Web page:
So to illustrate the steps required, I’ll take you through the elements of a recent client project.

This project was with a telco client who had invested heavily in AI-enabled self-service, providing their customers with an increasingly sophisticated set of online and app-based digital tools to manage the most frequently occurring intents across billing, upgrading and account servicing customer journeys.

What they have achieved in these areas is very impressive, and has certainly reduced the propensity for contact. But what their frontline contact centre agents are left with is an increasingly complex set of issues, not all of which can be resolved as First Contact Resolutions.

Our ‘exam question’ was to look at the operation of a Resolution Hub team. The call routing was clever enough to determine the last time a customer called – based on recognizing the caller’s mobile number – and then directing all enquiries where the customer had called multiple times in the previous seven days to the resolution hub team rather than frontline agents.

The hypothesis was that this would separate out the complex ‘hard to resolve’ issues and ring fence them as the enquiries requiring additional support.

The Resolution Hub team were empowered to take 100% ownership of the issue, providing proactive follow-up where they had to investigate the issue internally.

The aim was to eliminate further calls from these customers regarding the same issue, and they tracked the occurrence of repeat Resolution Hub calls within seven days as a KPI to determine whether this objective was being met.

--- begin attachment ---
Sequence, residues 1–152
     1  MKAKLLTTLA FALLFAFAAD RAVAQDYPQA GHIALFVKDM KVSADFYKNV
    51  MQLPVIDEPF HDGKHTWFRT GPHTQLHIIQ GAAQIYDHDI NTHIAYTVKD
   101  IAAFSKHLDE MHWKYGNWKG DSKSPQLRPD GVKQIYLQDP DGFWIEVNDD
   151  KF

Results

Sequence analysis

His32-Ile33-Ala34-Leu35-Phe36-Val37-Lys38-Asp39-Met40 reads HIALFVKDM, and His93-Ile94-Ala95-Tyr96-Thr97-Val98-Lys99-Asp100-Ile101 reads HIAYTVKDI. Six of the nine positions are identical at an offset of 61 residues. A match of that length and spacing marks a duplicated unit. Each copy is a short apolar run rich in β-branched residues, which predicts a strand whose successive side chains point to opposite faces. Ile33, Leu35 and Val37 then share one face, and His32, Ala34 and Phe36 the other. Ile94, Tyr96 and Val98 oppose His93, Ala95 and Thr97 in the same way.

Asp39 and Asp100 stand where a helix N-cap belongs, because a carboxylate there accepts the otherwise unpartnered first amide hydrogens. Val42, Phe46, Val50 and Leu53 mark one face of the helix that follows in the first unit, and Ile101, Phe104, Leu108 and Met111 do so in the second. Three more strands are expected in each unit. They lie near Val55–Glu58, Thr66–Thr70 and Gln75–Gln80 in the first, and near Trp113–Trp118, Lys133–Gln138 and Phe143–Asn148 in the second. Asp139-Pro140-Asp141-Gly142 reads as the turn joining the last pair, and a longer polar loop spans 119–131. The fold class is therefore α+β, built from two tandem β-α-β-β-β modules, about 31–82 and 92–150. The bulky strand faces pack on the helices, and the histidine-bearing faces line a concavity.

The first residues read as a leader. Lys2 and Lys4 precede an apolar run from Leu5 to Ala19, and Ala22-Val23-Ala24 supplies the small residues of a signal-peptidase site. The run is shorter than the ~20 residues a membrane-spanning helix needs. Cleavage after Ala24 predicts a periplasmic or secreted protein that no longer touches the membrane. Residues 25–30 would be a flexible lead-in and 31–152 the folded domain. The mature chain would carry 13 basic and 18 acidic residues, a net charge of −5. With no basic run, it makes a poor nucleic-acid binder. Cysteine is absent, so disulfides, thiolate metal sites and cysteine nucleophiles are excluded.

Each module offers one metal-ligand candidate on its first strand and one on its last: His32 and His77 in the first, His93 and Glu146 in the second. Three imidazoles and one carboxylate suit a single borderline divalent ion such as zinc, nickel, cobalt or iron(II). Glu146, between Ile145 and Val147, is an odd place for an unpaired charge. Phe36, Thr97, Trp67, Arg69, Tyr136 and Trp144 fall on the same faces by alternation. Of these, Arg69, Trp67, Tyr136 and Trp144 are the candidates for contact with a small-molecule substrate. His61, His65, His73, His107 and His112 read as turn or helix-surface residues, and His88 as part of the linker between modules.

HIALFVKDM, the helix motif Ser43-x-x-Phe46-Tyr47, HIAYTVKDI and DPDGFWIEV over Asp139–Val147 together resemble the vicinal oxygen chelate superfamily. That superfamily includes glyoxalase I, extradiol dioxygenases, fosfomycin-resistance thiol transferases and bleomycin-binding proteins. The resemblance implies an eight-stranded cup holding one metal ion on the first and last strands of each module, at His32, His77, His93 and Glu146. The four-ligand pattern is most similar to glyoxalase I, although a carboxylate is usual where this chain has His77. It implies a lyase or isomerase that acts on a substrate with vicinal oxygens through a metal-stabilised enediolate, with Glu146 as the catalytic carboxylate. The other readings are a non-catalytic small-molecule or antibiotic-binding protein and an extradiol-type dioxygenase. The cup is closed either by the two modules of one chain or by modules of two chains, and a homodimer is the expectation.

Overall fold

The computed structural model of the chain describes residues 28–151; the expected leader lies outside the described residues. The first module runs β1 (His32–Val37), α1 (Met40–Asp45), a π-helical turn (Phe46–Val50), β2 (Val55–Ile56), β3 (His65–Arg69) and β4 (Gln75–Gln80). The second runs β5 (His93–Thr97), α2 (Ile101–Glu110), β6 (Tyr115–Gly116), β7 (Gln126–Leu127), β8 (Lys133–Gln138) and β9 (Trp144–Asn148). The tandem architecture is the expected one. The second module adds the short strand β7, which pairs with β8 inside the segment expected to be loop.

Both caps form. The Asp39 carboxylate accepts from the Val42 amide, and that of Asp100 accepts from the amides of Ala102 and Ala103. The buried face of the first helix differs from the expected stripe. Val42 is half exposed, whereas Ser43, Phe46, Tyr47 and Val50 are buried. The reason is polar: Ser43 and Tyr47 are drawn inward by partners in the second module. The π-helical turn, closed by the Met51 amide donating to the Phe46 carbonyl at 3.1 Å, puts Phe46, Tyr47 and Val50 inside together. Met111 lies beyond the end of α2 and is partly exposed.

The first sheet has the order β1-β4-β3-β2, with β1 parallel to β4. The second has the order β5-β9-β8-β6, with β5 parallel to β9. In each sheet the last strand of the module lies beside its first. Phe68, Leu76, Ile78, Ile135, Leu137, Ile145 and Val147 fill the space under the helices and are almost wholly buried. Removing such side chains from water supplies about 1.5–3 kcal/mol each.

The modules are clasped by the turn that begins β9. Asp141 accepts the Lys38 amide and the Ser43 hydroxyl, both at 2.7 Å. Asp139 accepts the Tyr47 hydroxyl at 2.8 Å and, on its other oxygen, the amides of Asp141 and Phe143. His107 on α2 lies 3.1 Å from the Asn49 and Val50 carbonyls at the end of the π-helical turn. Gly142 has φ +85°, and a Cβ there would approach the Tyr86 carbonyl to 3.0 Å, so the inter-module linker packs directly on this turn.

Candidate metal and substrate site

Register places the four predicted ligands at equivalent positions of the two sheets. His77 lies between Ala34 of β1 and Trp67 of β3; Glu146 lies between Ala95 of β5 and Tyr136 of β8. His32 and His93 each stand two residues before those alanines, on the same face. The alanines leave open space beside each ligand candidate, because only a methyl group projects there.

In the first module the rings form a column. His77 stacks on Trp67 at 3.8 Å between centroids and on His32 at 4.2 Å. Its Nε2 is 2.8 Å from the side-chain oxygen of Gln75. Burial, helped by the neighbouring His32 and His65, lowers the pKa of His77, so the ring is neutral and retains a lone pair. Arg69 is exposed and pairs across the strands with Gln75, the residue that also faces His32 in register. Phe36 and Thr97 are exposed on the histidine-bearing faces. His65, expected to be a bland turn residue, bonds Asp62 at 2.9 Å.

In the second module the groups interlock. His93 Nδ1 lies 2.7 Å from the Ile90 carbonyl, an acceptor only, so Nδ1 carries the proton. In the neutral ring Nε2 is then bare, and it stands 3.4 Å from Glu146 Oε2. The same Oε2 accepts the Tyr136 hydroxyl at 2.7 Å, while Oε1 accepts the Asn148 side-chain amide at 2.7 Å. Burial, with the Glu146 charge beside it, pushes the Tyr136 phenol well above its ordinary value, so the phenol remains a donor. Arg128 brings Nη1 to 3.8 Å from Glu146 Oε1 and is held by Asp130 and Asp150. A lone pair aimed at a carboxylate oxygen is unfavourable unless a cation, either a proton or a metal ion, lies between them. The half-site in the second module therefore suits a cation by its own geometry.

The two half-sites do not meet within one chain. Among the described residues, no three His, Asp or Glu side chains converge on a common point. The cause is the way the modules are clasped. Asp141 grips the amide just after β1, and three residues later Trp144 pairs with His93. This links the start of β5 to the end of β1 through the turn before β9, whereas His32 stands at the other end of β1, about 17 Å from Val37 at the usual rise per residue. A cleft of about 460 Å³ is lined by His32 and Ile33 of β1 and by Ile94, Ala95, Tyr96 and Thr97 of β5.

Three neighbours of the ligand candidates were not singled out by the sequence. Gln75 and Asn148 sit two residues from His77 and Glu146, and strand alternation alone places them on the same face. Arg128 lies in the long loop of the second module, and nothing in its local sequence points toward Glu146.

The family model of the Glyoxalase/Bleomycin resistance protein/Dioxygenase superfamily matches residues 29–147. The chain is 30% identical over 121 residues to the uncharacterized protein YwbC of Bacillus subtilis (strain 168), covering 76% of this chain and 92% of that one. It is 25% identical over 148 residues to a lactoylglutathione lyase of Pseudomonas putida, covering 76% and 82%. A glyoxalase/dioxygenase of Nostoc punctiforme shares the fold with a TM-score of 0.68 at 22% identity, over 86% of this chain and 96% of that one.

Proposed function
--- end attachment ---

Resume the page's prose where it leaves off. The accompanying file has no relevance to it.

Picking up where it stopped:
Understanding the Root Cause

So far so good, and not really something the client needed consulting help with. But the clever part was to set up a ‘close the loop’ squad – involving stakeholders across the organization – to understand the frequency of issues that were causing repeat contact to the frontline.

The squad used insight from the Quality and CX teams – using speech analytics – to classify not only the specific intent but also to discuss and agree on the failure scenario that was the catalyst for contact.

One example they found was that existing customers who were looking to upgrade their mobile handset were calling back multiple times when the phone that they wanted was out of stock.

Problems and root cause analysis concept.

The current online process just returned stock availability results at that moment in time, with no ability for the user to request a notification when the item that they were interested in became available.

The unintended consequence was that customers looked for alternative sources of information, and that was to call the contact centre.

It was a legitimate reason for the enquiry – given that the customer wanted to renew their contract – but was not something the contact centre agent could resolve, as the information they had on stock levels was exactly the same as the user was seeing online. It ticked that CX box of being a ‘digital-first’ strategy, but was the root cause of avoidable contact.